SPRINGFIELD – The Illinois Department of Employment Security (IDES) announced today that the unemployment rate rose +1.2 percentage points to 4.6 percent, while nonfarm payrolls lost -34,100 jobs in March. This reflects the initial impact of the COVID-19 outbreak on Illinois businesses and households, based on preliminary data provided by the U.S. Bureau of Labor Statistics (BLS) and released by IDES. The February monthly change in payrolls was revised from the preliminary report from -200 to -11,400 jobs.

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The March payroll jobs estimate and unemployment rate reflects activity for the week including the 12th. The payroll periods of some employers in the establishment survey may have extended beyond the week including the 12th. Also, those classified as unemployed included persons who reported they were away from work during the week including the 12th due to COVID-19 even if they were paid for that week. BLS has published FAQs for March payroll jobs and the unemployment rate.

The state’s unemployment rate was +0.2 percentage point higher than the national unemployment rate reported for March, which was 4.4 percent, up +0.9 percentage point from the previous month. The Illinois unemployment rate was up +0.3 percentage point from a year ago when it was 4.3 percent.

The three-month average Illinois payroll employment estimate, which provides a more stable measure of payroll employment change, was down -9,900 jobs during the January to March three-month period, compared to the December to February three-month period. The largest average declines were found in Leisure and Hospitality (-5,300), Professional and Business Services (-3,700) and Financial Activities (-900).

“As the COVID-19 outbreak unfolded, this administration moved quickly to overhaul our systems, expand access to benefits, and implement new programs providing working families with the support they need,” said Deputy Governor Dan Hynes. “We will continue using every tool available to help workers, families, and small businesses face these unprecedented challenges as we keep our communities safe.”

“As Illinois moves to confront this crisis, we are encouraged Governor Pritzker moved boldly to lay an economic foundation for future growth,” said Erin Guthrie, Acting Director of the Department of Commerce and Economic Opportunity. “This administration’s focus on workforce development, rebuilding our crumbling infrastructure, and creating new industries will help us emerge from this crisis and rebuild.”

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Compared to a year ago, nonfarm payroll employment decreased by -29,900 jobs with the biggest losses in: Professional and Business Services (-21,700), Manufacturing (-14,700) and Leisure and Hospitality (-13,000). The industry sectors with the largest over-the-year increases were: Educational and Health Services (+12,800), Government (+12,800), and Other Services (+2,200). Illinois nonfarm payrolls were down -0.5 percentage point over-the-year as compared to the nation’s +1.0 percent over-the-year gain in March.

The number of unemployed workers increased sharply from the prior month, +33.6 percent to 292,300 and was up +5.6 percent over the same month for the prior year. The labor force was down -1.1 percent over-the-month and -2.0 percent over-the-year. The unemployment rate identifies those individuals who are out of work and seeking employment.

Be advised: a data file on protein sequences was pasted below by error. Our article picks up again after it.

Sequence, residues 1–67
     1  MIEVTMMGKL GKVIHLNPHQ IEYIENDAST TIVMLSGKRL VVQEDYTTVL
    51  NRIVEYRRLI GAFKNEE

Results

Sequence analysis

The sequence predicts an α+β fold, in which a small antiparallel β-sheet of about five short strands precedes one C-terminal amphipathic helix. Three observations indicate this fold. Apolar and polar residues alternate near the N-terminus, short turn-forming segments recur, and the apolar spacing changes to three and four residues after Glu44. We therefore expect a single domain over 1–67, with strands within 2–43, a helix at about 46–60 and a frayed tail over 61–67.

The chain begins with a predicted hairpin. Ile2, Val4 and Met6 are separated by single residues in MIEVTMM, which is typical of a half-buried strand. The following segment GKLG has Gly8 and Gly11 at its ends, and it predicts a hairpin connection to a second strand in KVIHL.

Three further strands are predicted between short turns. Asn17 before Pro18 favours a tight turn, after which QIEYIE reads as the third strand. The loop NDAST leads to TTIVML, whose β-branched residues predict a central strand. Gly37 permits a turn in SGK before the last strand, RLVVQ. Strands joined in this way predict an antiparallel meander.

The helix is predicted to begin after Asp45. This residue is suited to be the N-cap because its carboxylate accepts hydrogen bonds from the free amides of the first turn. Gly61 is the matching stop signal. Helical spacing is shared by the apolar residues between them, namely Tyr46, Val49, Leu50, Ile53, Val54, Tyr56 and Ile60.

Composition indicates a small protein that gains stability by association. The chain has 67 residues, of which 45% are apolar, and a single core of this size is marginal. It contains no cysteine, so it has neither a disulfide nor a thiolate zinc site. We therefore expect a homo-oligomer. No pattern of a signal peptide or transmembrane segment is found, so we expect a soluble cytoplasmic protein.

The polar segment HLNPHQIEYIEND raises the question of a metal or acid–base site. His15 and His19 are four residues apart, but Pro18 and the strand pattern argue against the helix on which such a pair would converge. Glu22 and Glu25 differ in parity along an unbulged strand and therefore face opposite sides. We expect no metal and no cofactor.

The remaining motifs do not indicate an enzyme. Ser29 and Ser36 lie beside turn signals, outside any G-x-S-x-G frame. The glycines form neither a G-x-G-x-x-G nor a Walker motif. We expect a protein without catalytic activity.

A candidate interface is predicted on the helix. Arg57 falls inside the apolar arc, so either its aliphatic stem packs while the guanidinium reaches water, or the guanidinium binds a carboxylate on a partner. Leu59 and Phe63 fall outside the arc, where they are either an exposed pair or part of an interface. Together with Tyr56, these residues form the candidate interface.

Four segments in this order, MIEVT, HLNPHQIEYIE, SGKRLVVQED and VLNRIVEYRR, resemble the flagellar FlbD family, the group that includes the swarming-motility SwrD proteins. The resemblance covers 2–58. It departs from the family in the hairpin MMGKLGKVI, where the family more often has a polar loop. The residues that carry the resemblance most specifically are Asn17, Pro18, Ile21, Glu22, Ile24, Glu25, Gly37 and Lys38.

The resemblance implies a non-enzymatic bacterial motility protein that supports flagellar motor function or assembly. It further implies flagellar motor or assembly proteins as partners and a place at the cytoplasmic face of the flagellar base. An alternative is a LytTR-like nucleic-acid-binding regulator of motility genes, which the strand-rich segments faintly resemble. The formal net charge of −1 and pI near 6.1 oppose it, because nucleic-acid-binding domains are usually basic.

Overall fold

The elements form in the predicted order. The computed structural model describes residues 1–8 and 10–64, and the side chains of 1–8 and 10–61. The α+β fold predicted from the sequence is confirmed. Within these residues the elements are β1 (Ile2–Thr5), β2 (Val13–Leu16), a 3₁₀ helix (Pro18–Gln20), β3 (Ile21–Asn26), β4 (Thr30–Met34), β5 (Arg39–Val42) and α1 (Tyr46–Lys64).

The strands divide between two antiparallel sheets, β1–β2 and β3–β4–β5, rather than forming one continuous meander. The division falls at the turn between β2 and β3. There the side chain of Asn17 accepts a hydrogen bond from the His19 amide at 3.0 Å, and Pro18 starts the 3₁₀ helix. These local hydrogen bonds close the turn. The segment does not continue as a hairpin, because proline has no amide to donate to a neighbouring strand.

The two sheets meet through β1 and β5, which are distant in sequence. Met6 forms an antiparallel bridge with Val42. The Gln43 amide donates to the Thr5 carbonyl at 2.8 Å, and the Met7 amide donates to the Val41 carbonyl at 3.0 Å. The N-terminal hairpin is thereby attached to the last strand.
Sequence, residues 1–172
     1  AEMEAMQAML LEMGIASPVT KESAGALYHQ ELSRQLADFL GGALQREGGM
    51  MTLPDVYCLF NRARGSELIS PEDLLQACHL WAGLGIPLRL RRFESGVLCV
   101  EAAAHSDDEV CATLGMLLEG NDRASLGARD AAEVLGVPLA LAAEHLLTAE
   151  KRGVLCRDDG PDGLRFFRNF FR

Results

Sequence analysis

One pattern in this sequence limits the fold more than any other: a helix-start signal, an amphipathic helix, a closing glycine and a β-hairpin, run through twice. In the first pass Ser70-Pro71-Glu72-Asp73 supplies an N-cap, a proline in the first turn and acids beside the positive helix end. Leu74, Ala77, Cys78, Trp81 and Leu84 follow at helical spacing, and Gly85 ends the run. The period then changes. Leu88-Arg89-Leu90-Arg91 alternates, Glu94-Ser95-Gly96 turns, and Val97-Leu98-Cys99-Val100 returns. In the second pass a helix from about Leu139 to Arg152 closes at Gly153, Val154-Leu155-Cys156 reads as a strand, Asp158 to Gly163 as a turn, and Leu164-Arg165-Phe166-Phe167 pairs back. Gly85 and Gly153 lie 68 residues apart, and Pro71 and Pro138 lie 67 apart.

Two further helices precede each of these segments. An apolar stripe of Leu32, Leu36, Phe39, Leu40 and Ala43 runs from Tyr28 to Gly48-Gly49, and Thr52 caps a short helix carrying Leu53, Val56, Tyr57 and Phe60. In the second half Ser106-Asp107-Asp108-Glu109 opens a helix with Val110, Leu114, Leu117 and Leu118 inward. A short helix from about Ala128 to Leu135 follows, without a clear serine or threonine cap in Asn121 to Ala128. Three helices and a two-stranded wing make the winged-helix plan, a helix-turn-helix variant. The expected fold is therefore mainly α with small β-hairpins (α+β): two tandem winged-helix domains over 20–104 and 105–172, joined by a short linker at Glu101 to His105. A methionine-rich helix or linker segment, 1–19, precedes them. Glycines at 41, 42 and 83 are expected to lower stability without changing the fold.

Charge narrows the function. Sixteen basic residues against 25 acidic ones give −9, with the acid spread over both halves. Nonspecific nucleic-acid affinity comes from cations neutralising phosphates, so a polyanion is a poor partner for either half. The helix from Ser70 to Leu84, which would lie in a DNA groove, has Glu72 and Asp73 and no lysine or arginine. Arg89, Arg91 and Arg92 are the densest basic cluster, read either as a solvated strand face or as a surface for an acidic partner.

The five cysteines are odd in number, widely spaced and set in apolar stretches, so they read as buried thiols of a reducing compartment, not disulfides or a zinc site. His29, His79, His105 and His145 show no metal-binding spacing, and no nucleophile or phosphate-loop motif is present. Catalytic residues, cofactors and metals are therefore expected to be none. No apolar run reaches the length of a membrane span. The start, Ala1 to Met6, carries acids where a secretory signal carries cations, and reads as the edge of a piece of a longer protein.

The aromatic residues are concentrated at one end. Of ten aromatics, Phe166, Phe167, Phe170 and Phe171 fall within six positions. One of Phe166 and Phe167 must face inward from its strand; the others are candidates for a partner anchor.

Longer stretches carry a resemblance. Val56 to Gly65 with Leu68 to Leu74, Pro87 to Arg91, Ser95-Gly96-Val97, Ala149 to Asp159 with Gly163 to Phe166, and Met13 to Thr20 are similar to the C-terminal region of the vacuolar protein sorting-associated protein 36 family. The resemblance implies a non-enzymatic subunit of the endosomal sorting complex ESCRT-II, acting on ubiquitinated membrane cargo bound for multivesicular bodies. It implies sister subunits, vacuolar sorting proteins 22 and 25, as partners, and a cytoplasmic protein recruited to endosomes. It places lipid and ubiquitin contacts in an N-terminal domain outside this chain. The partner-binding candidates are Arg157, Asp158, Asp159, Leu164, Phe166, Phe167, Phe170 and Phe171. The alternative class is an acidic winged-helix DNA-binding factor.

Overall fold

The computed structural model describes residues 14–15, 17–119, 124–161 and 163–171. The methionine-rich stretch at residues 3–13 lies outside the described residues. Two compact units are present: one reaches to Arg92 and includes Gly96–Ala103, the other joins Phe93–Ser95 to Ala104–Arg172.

An individual who exhausts or is ineligible for benefits is still reflected in the unemployment rate if they actively seek work. IDES maintains the state’s largest job search engine, Illinois Job Link (IJL), to help connect jobseekers to employers who are hiring, which recently showed 147,823 posted resumes with 70,881 jobs available.

Seasonally Adjusted Unemployment Rates

Illinois Seasonally Adjusted Nonfarm Jobs – by Major Industry

• 2015-2019 seasonally adjusted labor force data for Illinois, and all other states, have been revised as required by the U.S. Bureau of Labor Statistics (BLS). The monthly historical revisions to state labor force estimates reflect new national benchmark controls, state working-age population controls, seasonal factors, as well as updated total nonfarm jobs and unemployment benefits claims inputs. Illinois labor force data were also smoothed to eliminate large monthly changes as a result of volatility in the monthly Census Population Survey (CPS) and national benchmarking. For these reasons, the comments and tables citing unemployment rates in previous news releases/materials may no longer be valid.
• Monthly seasonally adjusted unemployment rates for Illinois and the Chicago-Naperville-Arlington Heights Metropolitan Division are available here.
• Monthly 2011-2019 seasonally adjusted nonfarm payroll employment data for Illinois have been revised. To control for potential survey error, the estimates are benchmarked annually to universal counts derived primarily from unemployment insurance tax reports.
• Not seasonally adjusted jobs data with industry detail are available here. “Other Services” include activities in three broad categories: personal and laundry; repair and maintenance; and religious, grant making, civic and professional organizations. Seasonally adjusted data for subsectors within industries are not available.

About the Department of Employment Security
The Illinois Department of Employment Security (IDES) provides vital employment services to Illinois workers, employers, and job seekers with resources including Job Fairs and Illinois Job Link, analyzes and disseminates actionable Labor Market Information, and administers the Unemployment Insurance Program. To see the full range of services provided by IDES, and for the latest news concerning the department, visit IDES.Illinois.gov.

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